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Statement by Michael McDowell, then Minister for Justice, Equality and Law Reform, on the Nally Group Report, Dáil Éireann, 16 December 2003

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Statement by Michael McDowell, then Minister for Justice, Equality and Law Reform, on the Nally Group Report, Dáil Éireann, 16 December 2003


A Cheann Comhairle,

On 22 March 2002 the Police Ombudsman for Northern Ireland, Mrs. Nuala O'Loan, presented a report to Mr. Brian Cowen, T.D., Minister for Foreign Affairs. The report related to allegations made by a person described as a serving officer of the Garda Síochána concerning the handling of intelligence information about the activities of a paramilitary group in that year and about drug related matters in 1995/1996.

The Minister for Foreign Affairs passed the report to my predecessor, Mr. John O'Donoghue, T.D. who, in view of the gravity of the allegations involved, decided that an examination of the issues should be carried out independently by Dr. Dermot Nally, former Secretary to the Government, Mr. Joseph Brosnan, former Secretary of the Department of Justice and Mr. Eamon Barnes, former Director of Public Prosecutions, with the terms of reference –

"to examine matters arising from the "Report raising concerns of the activity of An Garda Síochána Officers during 1998" dated 22nd March, 2002, prepared by the Police Ombudsman for Northern Ireland for the Minister for Foreign Affairs, and on the basis of this examination to report to the Minister for Justice, Equality and Law Reform and, if considered appropriate, to make recommendations."

I received the Group's Report earlier this year and I have consulted the Attorney General about this. It is against that background that I am now making this statement.

Certain legal issues arise because all of the allegations which the Group looked into were made by a member of the Garda Síochána who is currently suspended and facing criminal charges on unrelated matters. In those circumstances in making a summary of the Group's findings publicly available at this stage I want to make it clear that nothing I am saying is intended to - or should be taken as - reflecting on the general credibility of the person in question.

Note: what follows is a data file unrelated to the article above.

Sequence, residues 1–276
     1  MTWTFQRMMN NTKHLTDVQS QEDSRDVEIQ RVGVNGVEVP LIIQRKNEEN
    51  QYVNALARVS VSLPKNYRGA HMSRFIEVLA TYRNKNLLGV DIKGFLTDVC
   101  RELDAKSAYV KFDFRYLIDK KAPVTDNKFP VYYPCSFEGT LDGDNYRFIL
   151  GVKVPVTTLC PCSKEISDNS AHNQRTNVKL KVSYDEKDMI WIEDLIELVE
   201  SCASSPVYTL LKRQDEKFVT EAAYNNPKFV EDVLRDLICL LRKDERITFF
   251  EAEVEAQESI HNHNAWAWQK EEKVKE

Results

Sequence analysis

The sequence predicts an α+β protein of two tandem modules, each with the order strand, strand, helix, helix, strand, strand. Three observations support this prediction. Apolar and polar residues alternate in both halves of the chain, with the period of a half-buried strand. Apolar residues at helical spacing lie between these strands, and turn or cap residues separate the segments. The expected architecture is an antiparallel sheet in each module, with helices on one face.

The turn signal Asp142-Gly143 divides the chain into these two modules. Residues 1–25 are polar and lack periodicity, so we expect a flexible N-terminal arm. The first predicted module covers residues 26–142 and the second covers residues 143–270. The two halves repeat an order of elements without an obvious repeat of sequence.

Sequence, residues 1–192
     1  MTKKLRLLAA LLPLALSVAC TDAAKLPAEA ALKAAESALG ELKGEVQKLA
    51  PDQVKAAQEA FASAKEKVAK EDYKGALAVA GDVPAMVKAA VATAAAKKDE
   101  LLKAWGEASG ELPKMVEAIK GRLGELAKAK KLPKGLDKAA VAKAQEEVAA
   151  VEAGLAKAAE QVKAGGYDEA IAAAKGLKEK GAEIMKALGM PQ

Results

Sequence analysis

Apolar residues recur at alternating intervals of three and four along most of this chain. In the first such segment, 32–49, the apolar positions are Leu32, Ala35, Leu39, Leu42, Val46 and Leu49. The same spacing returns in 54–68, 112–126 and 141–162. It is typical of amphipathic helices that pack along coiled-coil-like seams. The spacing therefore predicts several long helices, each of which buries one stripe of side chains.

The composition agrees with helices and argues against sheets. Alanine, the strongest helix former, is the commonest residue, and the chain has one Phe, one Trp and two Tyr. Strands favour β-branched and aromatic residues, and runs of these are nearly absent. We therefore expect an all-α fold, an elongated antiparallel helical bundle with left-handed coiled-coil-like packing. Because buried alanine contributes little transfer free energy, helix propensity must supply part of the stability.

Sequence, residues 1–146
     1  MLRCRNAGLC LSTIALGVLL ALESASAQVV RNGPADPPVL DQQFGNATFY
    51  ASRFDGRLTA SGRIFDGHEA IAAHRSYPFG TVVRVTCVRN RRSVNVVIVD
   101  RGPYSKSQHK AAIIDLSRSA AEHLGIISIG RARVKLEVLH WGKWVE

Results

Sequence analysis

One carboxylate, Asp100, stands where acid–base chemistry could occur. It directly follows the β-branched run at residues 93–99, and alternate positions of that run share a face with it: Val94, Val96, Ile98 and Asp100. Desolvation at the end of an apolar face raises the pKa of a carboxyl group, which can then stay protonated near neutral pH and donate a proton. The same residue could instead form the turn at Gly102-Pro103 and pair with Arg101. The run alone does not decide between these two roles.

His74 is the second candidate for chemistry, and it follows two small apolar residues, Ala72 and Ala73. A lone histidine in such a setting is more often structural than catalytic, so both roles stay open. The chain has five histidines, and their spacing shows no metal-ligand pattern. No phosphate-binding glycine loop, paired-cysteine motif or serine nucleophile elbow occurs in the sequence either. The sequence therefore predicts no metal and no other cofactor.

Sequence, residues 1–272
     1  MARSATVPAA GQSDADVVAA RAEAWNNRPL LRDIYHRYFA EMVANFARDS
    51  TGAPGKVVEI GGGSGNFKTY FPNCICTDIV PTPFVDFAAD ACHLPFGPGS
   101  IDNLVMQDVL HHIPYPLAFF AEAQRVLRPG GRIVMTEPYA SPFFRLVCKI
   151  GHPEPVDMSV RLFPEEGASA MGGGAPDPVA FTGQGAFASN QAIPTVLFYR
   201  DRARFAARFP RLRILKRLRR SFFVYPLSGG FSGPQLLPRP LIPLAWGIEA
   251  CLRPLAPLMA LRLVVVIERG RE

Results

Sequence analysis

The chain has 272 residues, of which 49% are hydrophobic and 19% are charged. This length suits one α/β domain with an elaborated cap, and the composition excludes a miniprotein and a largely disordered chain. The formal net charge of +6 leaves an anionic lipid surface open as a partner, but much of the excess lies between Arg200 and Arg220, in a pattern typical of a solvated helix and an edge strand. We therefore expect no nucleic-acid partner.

In summary, the Group has informed me that the allegations can be summarised under three headings:

"(i) incidents which it is alleged could have been prevented these are allegations that actions which could and should have been taken by Gardaí could have prevented three terrorist attacks in Northern Ireland in 1998 viz. the mortar attack on the RUC station at Armagh on 10 March, the mortar attack on Beleek RUC station on 9 May and the bomb attack on Omagh on 15 August;

(ii) alleged Ministerial interference with prosecution process this is an allegation of a ceasefire 'deal' after the Omagh bomb between the Irish Government and the RIRA and of Ministerial interference in the judicial process; and

(iii) alleged unlawful or improper conduct on the part of Garda officers these are allegations of encouragement or of complicity in criminal offences or other improper conduct by senior Garda officers."

The Group has informed me that it held its first meeting on 29 April 2002 and subsequently met on 62 other occasions. It interviewed some 25 persons, some more than once. It received a number of written submissions, some from people it did not consider necessary to interview in person.

In particular the Group states: "When setting up the Group your predecessor indicated that the Garda Commissioner had confirmed that the Group would have the full co-operation of the Garda authorities, including access to all relevant material. The Group wishes you to know it has received this full co-operation and access. The Group's thanks are due also to other persons including serving and retired PSNI officers who helped it in its work".

My predecessor, when announcing the establishment of the Group, indicated that he would make a statement on the Group's findings. In accordance with this commitment I can now inform the House that the Group has informed me that it concluded that there was no foundation for the allegations which it examined.

While there was never any commitment that the Report would be published, I am aware of the strong desire of the relatives of those who were killed in the appalling atrocity at Omagh for what has become known as "The Nally Report" to be published. I am aware too that failure to do so may lead some to suggest that in some way the State is refusing to "come clean".